The Drop Everything List
A "Funeral Party," Dale Watson, and Willie Nelson's New Year's Bash . . .
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Throw your plans out the window. We scoured the state in search of the top events and offerings, from a “funeral party” to honor the last year to ringing in the next with Willie Nelson and his friends. Here’s our super select guide to the things you absolutely can’t afford to miss.
[December 28 – January 1]
“Funeral Party,” the title of the performance piece by Emily Sloan, is not an oxymoron. According to Sloan, an artist from Houston, death is cause for celebration. “It’s like memento mori,” she said. “It’s a reminder to live your life. Time flies. Enjoy the moment.” Attend this mock wake where participants deliver eulogies inside 14 Pews, a converted church, before a brass band leads them out back to a funeral pyre for more eulogies, followed by drinks and a potluck dinner. Sloan first hosted Funeral Party last year to cope with the death of her cousin, who died in a car accident. But it also honors noncorporeal things. Last year, one man read seven pages on how drugs had ruined his life and then burned his drug paraphernalia. Another person talked about how his life had changed since moving to the United States, and then he cut off a long braid of his hair and threw it in the fire, prompting his girlfriend to throw her bra in the fire. What better way to embrace the new year than by bidding the past farewell?
14 Pews, January 1, 6 p.m., 14pews.org
You Write the Songs
Attendees of Dale Watson’s New Year’s Eve show might get lucky and close out 2012 with a song credit. Watson, the Austin honky-tonk crooner who got his start forty years ago when he recorded some 45s at Gilley’s in Pasadena, said he likes to write from the stage. An audience member at one of his shows once shouted at him, “You lie when you drink,” and now Watson’s new album El Rancho Azul, which comes out in January, includes the song “I Lie When I Drink.” It’s one of six songs about boozing on the album, which should give concertgoers a good idea of how the night will play out.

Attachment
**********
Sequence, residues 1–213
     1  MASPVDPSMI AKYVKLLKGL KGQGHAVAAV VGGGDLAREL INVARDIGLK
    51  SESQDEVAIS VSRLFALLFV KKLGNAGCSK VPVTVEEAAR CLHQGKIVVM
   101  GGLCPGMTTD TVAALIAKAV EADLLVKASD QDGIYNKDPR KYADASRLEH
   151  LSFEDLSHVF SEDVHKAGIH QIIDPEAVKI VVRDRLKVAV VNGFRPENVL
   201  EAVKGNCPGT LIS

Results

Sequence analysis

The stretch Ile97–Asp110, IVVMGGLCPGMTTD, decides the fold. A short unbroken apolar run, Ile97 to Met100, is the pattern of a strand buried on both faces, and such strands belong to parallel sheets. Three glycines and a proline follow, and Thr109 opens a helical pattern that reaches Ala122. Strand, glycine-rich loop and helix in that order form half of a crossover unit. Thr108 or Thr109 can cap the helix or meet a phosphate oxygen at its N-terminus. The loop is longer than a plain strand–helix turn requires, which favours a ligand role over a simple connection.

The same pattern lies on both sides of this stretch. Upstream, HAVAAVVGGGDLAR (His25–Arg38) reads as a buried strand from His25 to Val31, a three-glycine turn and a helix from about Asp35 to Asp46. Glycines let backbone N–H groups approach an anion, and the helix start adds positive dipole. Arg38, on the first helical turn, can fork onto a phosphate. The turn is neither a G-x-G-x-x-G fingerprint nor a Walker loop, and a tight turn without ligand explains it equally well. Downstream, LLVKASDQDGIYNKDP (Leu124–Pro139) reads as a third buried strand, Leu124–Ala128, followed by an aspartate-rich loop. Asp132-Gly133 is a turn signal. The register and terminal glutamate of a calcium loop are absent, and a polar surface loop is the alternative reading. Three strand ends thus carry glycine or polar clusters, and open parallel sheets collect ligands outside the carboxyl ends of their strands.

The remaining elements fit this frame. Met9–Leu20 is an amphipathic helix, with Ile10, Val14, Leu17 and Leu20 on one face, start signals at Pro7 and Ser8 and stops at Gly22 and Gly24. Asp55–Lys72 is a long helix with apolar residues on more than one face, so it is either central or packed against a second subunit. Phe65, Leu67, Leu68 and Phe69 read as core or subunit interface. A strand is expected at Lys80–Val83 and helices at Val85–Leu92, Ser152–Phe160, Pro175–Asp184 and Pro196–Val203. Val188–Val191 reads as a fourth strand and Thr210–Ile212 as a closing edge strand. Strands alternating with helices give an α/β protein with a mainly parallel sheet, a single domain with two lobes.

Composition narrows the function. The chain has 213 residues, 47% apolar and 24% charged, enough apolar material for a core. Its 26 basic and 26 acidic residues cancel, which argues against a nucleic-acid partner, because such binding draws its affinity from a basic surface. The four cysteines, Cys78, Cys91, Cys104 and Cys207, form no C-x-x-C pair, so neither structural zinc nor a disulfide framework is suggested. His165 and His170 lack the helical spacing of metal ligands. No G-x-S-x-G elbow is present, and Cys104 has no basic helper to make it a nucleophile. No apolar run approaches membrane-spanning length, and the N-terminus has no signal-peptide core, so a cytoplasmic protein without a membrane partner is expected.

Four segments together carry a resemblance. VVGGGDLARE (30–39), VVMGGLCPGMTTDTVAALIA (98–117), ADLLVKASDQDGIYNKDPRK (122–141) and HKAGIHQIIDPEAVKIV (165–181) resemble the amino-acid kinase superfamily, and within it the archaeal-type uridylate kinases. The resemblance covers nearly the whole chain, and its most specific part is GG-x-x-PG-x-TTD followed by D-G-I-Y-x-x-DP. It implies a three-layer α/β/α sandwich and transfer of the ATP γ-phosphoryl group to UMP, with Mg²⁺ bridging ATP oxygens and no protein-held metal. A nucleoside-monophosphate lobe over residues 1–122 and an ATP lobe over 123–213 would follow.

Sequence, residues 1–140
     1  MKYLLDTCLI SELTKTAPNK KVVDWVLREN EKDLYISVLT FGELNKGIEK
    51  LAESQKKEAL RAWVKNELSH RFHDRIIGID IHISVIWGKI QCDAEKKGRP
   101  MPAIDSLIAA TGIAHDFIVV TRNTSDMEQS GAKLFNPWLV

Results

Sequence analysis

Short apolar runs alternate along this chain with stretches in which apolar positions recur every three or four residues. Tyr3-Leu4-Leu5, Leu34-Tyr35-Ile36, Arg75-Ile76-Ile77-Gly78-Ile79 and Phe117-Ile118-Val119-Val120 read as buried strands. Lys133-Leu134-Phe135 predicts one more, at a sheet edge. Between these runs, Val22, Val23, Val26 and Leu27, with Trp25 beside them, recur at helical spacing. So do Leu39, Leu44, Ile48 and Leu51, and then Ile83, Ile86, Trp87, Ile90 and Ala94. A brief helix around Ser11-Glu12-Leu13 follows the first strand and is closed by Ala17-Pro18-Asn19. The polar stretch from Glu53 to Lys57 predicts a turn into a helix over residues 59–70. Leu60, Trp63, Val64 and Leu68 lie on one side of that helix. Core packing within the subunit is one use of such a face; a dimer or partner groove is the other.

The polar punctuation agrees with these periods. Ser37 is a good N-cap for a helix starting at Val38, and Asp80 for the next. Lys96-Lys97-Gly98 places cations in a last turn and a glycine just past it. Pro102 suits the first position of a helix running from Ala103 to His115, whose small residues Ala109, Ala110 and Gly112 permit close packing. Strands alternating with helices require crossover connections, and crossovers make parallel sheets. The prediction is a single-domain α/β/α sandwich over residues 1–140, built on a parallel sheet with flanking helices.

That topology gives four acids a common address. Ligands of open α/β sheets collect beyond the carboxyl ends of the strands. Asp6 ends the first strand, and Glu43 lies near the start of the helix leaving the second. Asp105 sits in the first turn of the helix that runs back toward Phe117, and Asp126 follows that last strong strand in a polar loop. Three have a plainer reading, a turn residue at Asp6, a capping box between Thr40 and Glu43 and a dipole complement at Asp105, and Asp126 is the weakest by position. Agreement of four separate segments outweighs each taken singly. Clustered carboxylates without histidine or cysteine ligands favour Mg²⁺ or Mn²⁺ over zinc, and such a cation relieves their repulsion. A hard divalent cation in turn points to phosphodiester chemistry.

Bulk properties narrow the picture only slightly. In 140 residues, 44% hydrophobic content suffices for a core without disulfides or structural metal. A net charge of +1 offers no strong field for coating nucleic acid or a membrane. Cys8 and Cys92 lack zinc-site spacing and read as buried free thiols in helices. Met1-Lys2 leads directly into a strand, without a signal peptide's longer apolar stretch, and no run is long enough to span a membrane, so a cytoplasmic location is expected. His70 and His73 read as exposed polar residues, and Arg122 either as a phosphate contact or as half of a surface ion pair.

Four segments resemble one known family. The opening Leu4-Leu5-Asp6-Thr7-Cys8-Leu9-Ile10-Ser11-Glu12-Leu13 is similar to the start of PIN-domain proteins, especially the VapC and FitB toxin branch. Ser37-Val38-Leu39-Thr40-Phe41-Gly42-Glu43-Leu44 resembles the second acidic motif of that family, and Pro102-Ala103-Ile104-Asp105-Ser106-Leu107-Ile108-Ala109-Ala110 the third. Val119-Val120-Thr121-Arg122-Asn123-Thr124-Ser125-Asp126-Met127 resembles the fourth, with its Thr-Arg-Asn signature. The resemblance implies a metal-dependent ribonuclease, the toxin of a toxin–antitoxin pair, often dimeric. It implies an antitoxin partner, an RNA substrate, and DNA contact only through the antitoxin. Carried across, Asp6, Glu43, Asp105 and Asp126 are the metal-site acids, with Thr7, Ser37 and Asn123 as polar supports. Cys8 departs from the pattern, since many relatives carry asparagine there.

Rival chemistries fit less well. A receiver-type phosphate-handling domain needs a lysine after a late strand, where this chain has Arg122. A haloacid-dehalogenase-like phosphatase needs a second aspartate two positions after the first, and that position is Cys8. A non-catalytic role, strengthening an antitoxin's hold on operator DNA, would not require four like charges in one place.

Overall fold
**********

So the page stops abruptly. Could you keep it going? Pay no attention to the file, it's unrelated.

Luckenbach Dancehall, December 31, 8 p.m., dalewatson.com
The Looking Glass
The grounds of the Dallas Arboretum show off how seamlessly Dale Chihuly’s fantastical, rainbow-colored forms blend with Mother Nature’s creations. Chihuly, the glass artist from Washington State whose works have been shown worldwide, transformed the arboretum’s gardens and infinity pool into a magical landscape with installations like “Yellow Icicle Tower,” a thirty-foot structure that from a distance looks like the world’s biggest weed. The sprawling exhibition is such magnetic eye candy—its busiest days have drawn more than 10,000 visitors—that the Arboretum has extended it through New Year’s Eve so even more people can experience what it’s like to fall down the rabbit hole.
Dallas Arboretum, December 28-31, 9 a.m., dallasarboretum.org
Home Sweet Home
Willie Nelson plays hundreds of concerts a year, but arguably none are more anticipated than the two billed as “Willie and Friends Family New Year”—epic, nearly three-hour affairs delivered in Nelson’s hometown, in the venue he built, with his statue out front.
ACL Live, December 30 at 8p.m. and December 31 at 9 p.m., willienelson.com
A new year full of opportunity springs from “Waltz of the Flowers,” the Tchaikovsky favorite from The Nutcracker, one of five selections in the Dallas Symphony Orchestra’s New Year’s Eve concert, “From Moscow to Vienna.”
Meyerson Symphony Center, December 31, 7:30 p.m., dallassymphony.com